I’m making my first end grain cutting board in black walnut with inlay. I need to smooth the surface and did some tests with the mcFly Cutter. It works quite well but I quickly get traces of burns on the wood
I don’t have a drum sander and I’m not sure that running the endgrain through the planer is a good idea. Also, I don’t want to spend boring hours sanding with my little orbital sander
Have any of you ever done this sort of thing successfully and how? Maybe another bit than the mcFly on the CNC? A magic trick?
Thank you so much!
Please provide metrics.
- speed of router, etc.
Here is my numbers and it’s working well without burning
Burns - you’re spending too much time in one spot, friction builds up, etc etc.
Fix is lower RPMs and higher feedrate. If the machine is bogging down, reduce DOC.
In MDF, I run 10K RPMs, and start at 100IPM. I usually use the feedrate override to between 150% to 200%. For hardwood I’d probably start at 75 IPM, then use the feedrate override to see how fast I could run it, then use that as the starting value from then on.
Burns are caused by the friction of the router bit. The larger the bit the more heat is generated. So most 1" or larger surfacing bits have to be run at higher IPM so the bit does not dwell in one spot too long. When the router makes turns it slows down and can leave burn marks in the corners. So to get higher IPM you need to reduce depth of cut so a trim router can handle the load of a big bit. Trim routers are not really designed to run bit bits. So when I run my surfacing bit which is 1" on MDF I only take 0.010" depth of cut partly because I do not want to take off much material on my spoilboard. Plus on end grain it is much more likely to heat up and burn than face grain. So increase the IPM and make shallow depth of cuts.
Luckily I have a Jet 16-32 Drum sander and it is really handy for removing epoxy and wood inlay. The planner is quite violent and can pull inlay right out of a project. Add on the end grain and a planner can cause a disaster. People do it all the time but you are likely to ruin your work with a planner.
So if this is a one time project it is not worth buying a drum sander. However if you are going to produce these on a regular basis it may be worth the investment. My drum sander is used all the time for a lot of projects.
Here are the default mcFly parameters on my CNC…
The only difference is on the “pluge rate” value… Mine is 304.8mm and your is 100mm
I am not sure that it makes any difference…
What do you think?
Thank you for your answer ! I will test an higher feed rate and a lower RPM…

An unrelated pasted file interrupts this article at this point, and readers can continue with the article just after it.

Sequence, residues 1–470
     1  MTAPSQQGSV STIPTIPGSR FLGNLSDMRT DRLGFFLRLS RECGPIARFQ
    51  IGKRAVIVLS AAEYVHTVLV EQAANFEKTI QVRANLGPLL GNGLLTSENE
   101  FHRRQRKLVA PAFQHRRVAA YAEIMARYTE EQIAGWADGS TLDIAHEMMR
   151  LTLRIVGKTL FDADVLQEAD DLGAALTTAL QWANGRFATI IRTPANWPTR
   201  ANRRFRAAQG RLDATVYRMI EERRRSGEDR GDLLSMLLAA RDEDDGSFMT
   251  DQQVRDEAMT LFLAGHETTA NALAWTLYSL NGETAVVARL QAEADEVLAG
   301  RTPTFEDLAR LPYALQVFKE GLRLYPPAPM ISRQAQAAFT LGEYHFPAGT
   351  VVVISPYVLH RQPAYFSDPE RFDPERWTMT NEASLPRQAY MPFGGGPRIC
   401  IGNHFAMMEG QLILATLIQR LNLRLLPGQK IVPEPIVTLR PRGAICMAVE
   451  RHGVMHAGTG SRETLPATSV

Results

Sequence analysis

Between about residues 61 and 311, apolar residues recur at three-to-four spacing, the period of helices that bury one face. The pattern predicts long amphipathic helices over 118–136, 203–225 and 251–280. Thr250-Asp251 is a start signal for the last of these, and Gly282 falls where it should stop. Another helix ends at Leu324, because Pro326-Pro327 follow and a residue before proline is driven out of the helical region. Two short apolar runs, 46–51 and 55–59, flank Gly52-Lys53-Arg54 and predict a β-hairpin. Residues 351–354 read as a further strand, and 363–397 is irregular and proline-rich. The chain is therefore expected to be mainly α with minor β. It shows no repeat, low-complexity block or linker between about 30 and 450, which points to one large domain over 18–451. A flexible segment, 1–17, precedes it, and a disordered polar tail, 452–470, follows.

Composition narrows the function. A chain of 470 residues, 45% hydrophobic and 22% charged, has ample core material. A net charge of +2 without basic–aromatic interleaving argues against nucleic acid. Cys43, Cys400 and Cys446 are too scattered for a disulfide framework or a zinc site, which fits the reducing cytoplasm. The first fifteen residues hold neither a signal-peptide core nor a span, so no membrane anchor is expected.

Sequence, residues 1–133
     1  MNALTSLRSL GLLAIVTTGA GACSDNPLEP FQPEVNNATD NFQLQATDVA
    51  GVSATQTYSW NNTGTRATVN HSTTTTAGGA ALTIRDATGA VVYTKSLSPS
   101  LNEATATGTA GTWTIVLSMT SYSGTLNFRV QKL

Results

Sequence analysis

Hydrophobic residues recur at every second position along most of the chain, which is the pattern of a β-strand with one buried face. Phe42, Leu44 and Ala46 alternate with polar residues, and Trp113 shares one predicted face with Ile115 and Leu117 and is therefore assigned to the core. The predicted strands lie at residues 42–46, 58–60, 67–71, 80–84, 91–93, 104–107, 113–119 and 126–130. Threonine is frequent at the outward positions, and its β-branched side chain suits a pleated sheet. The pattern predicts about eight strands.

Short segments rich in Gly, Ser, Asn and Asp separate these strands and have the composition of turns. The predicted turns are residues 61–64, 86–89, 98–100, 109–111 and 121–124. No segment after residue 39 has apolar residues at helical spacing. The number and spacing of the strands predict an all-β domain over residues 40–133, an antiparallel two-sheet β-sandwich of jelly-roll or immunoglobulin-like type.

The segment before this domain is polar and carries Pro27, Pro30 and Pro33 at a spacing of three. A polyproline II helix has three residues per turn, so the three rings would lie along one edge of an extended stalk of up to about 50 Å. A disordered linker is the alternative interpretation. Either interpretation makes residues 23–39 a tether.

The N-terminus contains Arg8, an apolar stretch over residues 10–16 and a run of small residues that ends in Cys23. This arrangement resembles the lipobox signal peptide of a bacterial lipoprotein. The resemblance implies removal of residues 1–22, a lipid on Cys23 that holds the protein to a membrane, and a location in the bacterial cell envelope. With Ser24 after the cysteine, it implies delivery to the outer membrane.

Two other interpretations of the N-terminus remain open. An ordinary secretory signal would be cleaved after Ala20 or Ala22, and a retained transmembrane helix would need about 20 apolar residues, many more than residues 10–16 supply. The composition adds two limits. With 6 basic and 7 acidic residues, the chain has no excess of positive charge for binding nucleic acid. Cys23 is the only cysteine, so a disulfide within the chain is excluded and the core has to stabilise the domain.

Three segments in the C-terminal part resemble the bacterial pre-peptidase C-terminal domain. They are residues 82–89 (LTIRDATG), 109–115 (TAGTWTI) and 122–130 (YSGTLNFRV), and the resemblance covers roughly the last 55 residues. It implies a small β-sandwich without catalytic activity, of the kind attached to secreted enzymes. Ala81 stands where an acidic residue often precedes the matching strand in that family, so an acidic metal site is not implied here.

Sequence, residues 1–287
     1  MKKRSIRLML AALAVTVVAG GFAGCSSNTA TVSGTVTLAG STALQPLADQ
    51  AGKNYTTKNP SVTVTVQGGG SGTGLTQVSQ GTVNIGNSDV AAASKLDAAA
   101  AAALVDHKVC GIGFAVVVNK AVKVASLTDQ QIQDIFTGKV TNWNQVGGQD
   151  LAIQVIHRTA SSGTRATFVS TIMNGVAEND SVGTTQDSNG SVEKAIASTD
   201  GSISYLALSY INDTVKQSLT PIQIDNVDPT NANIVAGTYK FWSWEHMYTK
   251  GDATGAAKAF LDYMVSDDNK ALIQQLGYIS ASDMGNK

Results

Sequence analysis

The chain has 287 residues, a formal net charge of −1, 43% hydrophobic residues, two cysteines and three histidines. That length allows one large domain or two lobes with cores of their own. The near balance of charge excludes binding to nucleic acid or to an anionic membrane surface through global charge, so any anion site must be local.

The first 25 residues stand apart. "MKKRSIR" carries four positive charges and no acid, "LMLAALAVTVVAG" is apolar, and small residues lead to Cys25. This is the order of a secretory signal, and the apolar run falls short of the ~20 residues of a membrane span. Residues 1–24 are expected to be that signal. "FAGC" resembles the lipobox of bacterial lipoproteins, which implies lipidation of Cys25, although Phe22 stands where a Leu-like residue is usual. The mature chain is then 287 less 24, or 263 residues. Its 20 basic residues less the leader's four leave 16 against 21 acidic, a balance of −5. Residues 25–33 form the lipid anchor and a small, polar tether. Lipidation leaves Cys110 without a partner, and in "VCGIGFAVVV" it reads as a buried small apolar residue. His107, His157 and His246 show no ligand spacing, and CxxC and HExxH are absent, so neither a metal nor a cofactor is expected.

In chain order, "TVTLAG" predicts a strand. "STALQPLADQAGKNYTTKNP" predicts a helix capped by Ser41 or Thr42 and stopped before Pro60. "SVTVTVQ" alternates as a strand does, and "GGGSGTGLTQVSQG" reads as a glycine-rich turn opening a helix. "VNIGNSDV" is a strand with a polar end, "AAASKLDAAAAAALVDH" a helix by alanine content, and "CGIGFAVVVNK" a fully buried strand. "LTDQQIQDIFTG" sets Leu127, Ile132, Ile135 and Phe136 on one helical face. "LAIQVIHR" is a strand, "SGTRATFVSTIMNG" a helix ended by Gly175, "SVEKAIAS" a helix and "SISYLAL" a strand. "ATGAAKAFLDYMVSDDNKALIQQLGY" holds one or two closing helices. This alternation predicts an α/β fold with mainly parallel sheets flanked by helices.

Thank you for your answer!
First, I will test a lower RPM and a higher feed rate… I expect several tries an error…
Regarding the drum sander, I have a question… I consider buying a very good orbital sander (maybe Festool or something like that) with the dust extractor…
When I look at the price of a brand new Jet 16-32, it is quite the same as a Festool orbital with the dust extractor.
Also, I want to develop some activity that involve sanding a good amount of flat surfaces (cutting boards, signs…)
This is something I have to think about…
Here is my question : as sanding is always required, should I first buy a drum sander or a good orbital sander? I can always sand details with my actual orbital sander…
I’ve been doing woodshoppery for 15 years. My Festool hand sanders are wonderful in that the dust extraction is very efficient and vibration is low. Any handheld sander runs the risk of altering the flatness of your project surface but you can learn to make it work.
A large drum sander is wonderful for making things very flat very slowly and is best used as a finishing tool. NEVER use one without good dust collection as it produces very fine particles.
Which one to get first? It depends on what type of work you will be doing. Cutting boards, etc? Then the drum sander will prove very useful. More random projects? The random orbit sander will be more versatile. If you get both the problem solves itself.
Something else to check is that your inserts are actually sharp. I got a brand new fly cutter from Amazon a while back. One of the inserts was visibly dull on one of its edges and I was getting slight burning. Looked like a manufacturing error. I rotated the insert and the burning went away. Contacted the seller and they send me a new set of inserts.
Hi, the plunge rate is only how fast the Z go down. For sure it will not impact on burn rate.
It’s something else.
I have used a Festool Rotex 6" RO sander. It is a beast at removing material. However as @HaroldO mentioned a hand held RO cannot guarantee flatness. Depending on how you hold your RO it can dig in and cause less than perfect surfaces. That said most people when they pick up a cutting board cannot tell with their eye if it is flat or not. The drum sander is a great tool but takes up space and is expensive. I bought my Jet about 20 years ago and the price was much cheaper than now. I dont specifically remember the purchase but I can almost guarantee it was bought on sale. The drum sander can be slow so you have to take small bites to keep it from bogging or burning the surface as well. The drum sander gives you a flat uniform surface. I have grits from 60-220 but only use 150 grit. Most of what I put through the sander are semi finished projects. I am not trying to take down rough surfaces.